Won’t you be my neighbor?

The impending restructuring of the housing system promises a number of exciting improvements, but also raises a few potential problems. The Record would like to commend the administration for recognizing that the current housing lottery process is enormously stressful for both students and administrators. While proposed changes might make room draw night slightly more stressful by offering students more options to choose from, this stress will likely be offset by the perks of living wherever and with whomever we wish, regardless of past neighborhood allegiance.  As the slew of neighborhood-swap related posts on WSO around housing lottery time demonstrates, it is unreasonable to assume first-years will live with the same group of friends for three years at the College. A singular campus-wide housing lottery is the best community-building system because it will allow students to live with or near whomever they choose, without arbitrary boundaries preventing them from doing so. Under this system, students will better benefit from the neighborhood organizations, whose purpose it is to organize events, activities and other community-building ventures.

However, the Record would like to caution against the potential implementation of a grandfathering process for rising seniors. The rationale behind the grandfathering period is that students may have picked into their neighborhood as sophomores in the hope of getting prime senior-year housing – this issue might be particularly salient in neighborhoods like Dodd. This process is fair for those who wish to stay in their neighborhood, but gives rising seniors little incentive to enter the general lottery if they know they will have a better pick number in their neighborhood lottery than in the general lottery. The Undergraduate Residential Life Ad-hoc Advisory Committee (URLAAC) should be wary of implementing the grandfather clause, as it will make it difficult to accurately determine the effectiveness of the new lottery process.

We at the Record also applaud the way in which the new system will disperse students from year to year. The current system makes it easy for groups of students to inhabit the same dorm or hall each year, which can breed resentment among other students who do not feel welcome among these insular groups. Opening up the entire housing system might make it less likely that groups of students will consistently pick into the same house, since a range of options will be open. But the new lottery system will also make it easier for large groups to pick in together, which could isolate individuals outside of certain social spheres (both athletic and extracurricular). The new lottery could bring a more diverse set of social groups together, which would bolster a sense of community.

URLAAC must be aware that students at the bottom of the housing lottery will get worse housing than they would in a neighborhood draw. The administration should have a contingency plan in place to help these pick groups or individuals find acceptable housing. A commitment to allow flexibility in gender or class caps on neighborhood housing in order to keep pick groups together could help counter the potential problem of being the last pick in the entire school.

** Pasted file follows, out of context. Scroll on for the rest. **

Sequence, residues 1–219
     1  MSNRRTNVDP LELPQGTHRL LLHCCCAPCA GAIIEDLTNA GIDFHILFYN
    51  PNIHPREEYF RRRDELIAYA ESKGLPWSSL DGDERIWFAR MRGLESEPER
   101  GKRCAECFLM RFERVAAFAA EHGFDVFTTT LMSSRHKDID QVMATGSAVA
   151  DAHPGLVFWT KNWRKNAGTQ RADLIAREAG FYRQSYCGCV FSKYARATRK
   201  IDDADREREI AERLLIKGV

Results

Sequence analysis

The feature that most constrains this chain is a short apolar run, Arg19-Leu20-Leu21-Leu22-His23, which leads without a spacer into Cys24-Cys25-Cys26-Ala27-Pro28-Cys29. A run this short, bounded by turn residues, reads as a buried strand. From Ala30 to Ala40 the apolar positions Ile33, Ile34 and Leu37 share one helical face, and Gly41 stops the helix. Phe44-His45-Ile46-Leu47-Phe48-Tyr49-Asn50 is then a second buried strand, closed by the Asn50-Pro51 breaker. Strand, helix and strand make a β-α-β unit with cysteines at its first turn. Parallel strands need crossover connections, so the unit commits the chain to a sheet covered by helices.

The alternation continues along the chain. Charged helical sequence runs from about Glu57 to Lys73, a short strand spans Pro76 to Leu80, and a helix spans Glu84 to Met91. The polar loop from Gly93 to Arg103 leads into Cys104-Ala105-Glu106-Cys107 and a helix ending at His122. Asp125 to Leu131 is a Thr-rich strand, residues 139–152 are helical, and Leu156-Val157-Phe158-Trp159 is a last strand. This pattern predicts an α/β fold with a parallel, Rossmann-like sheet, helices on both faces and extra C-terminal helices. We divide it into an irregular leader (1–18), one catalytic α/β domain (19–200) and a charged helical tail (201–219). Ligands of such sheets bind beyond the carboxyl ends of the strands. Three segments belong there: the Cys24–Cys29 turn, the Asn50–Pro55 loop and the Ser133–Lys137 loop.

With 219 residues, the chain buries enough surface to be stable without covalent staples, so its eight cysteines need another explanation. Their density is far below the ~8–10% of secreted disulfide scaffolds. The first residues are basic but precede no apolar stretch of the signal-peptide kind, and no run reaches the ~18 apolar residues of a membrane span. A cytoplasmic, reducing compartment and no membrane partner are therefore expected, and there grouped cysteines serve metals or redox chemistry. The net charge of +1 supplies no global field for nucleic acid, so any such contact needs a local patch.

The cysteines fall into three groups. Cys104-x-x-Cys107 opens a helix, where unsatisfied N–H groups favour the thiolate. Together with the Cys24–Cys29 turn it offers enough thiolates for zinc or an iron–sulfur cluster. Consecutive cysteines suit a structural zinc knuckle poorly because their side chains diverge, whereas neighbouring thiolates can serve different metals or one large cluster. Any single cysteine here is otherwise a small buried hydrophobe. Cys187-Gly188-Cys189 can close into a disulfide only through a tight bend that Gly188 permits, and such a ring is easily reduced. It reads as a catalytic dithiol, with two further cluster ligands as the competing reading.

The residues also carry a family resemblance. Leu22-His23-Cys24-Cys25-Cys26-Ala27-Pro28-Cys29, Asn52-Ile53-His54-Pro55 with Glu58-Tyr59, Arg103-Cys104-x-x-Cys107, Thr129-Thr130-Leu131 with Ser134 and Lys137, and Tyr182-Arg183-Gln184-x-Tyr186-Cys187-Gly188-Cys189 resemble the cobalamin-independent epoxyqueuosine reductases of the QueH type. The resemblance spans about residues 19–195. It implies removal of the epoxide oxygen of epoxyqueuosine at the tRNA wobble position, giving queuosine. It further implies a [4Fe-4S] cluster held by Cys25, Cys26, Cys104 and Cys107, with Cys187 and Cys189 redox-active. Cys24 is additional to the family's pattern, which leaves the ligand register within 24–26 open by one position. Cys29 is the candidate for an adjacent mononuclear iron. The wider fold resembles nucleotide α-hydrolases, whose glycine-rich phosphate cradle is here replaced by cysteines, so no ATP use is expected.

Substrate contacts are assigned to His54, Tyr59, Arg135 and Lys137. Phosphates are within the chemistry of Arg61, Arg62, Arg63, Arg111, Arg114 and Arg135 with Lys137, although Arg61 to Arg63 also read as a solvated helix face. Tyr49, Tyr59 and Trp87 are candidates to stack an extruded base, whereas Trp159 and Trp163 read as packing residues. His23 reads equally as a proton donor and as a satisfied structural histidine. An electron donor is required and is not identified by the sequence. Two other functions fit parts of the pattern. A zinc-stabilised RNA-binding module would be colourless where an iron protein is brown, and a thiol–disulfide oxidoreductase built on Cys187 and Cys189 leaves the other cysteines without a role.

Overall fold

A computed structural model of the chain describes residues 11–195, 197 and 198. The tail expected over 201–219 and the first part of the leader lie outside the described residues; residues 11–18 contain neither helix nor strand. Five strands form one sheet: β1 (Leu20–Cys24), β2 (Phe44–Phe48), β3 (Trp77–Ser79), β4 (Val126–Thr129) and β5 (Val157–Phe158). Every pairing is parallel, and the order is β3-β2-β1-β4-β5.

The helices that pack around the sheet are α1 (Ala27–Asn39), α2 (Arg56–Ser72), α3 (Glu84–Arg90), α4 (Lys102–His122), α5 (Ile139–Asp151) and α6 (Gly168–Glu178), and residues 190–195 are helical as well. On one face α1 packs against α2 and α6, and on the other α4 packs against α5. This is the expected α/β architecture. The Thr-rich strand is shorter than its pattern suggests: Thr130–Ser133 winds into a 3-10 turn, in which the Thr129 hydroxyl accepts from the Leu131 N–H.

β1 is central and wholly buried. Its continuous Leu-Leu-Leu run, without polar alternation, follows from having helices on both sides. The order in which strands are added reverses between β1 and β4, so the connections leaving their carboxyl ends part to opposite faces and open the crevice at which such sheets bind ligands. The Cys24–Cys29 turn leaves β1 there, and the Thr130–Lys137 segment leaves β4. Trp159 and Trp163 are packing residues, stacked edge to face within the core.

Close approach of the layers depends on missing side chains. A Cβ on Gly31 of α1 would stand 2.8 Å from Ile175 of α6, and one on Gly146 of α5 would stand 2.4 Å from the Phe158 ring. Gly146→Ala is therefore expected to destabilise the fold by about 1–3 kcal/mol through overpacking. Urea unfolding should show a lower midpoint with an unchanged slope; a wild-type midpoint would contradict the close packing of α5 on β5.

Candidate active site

The Record would also like to commend the recommendation to move Quiet Housing from its current location in West College. Given that Quiet Housing currently receives more than twice as many applications as it can accept – last year 120 students applied for 54 spots – moving Quiet Housing to Tyler House and Tyler Annex will allow more students who want Quiet Housing to receive it. The number of applications for Quiet Housing consistently reflects not just West’s incredible location, but rather the desire for a quiet living environment. Moving Quiet Housing from West might discourage a handful of students from applying for Quiet Housing simply for location concerns, but it will not make Quiet Housing a significantly less attractive option. Tyler House and Tyler Annex may be further from the heart of campus, but this is an advantageous location for Quiet Housing, as residential neighbors complain about noise levels in the current dorms. If too few students apply to fill both Tyler and Tyler Annex, the administration’s plan to use Thompson House as an alternative makes sense, as well.

The Record acknowledges that the new plan for Quiet Housing seems like it might stigmatize those who may already be set apart from the general community at the College. Tyler House and Tyler Annex have a reputation as undesirable dorms. Putting students who desire quiet living in one of the most removed dorms seems like it could be isolating, but the Quiet Housing move is a long-term decision. The College’s memory is only four years long, and the current stigma associated with Tyler will diminish over time. The merit of Quiet Housing should not be its location, but rather that it will not be as loud as other dorms on campus. On the whole, being able to accommodate dozens more students in Quiet Housing warrants the change in location.

One comment

  1. Might I comment, that an article beginning with “the impending restructuring of the housing system…” could have been published in almost one out of four, if not three, of any of the foregoing fifty years in the history of the College since Angevine?

    In short, I mean to point out that this is a dismal history, overall, in which the College community has tended to fail to create any meaningful change.

    What’s to lead us to believe this time will be any better? As Mr. Santayana had it, those who do not know their history, cannot chart a course to the future.

    P.S. Tyler and the Annex have had the same reputation, more or less, for at least a quarter-century.

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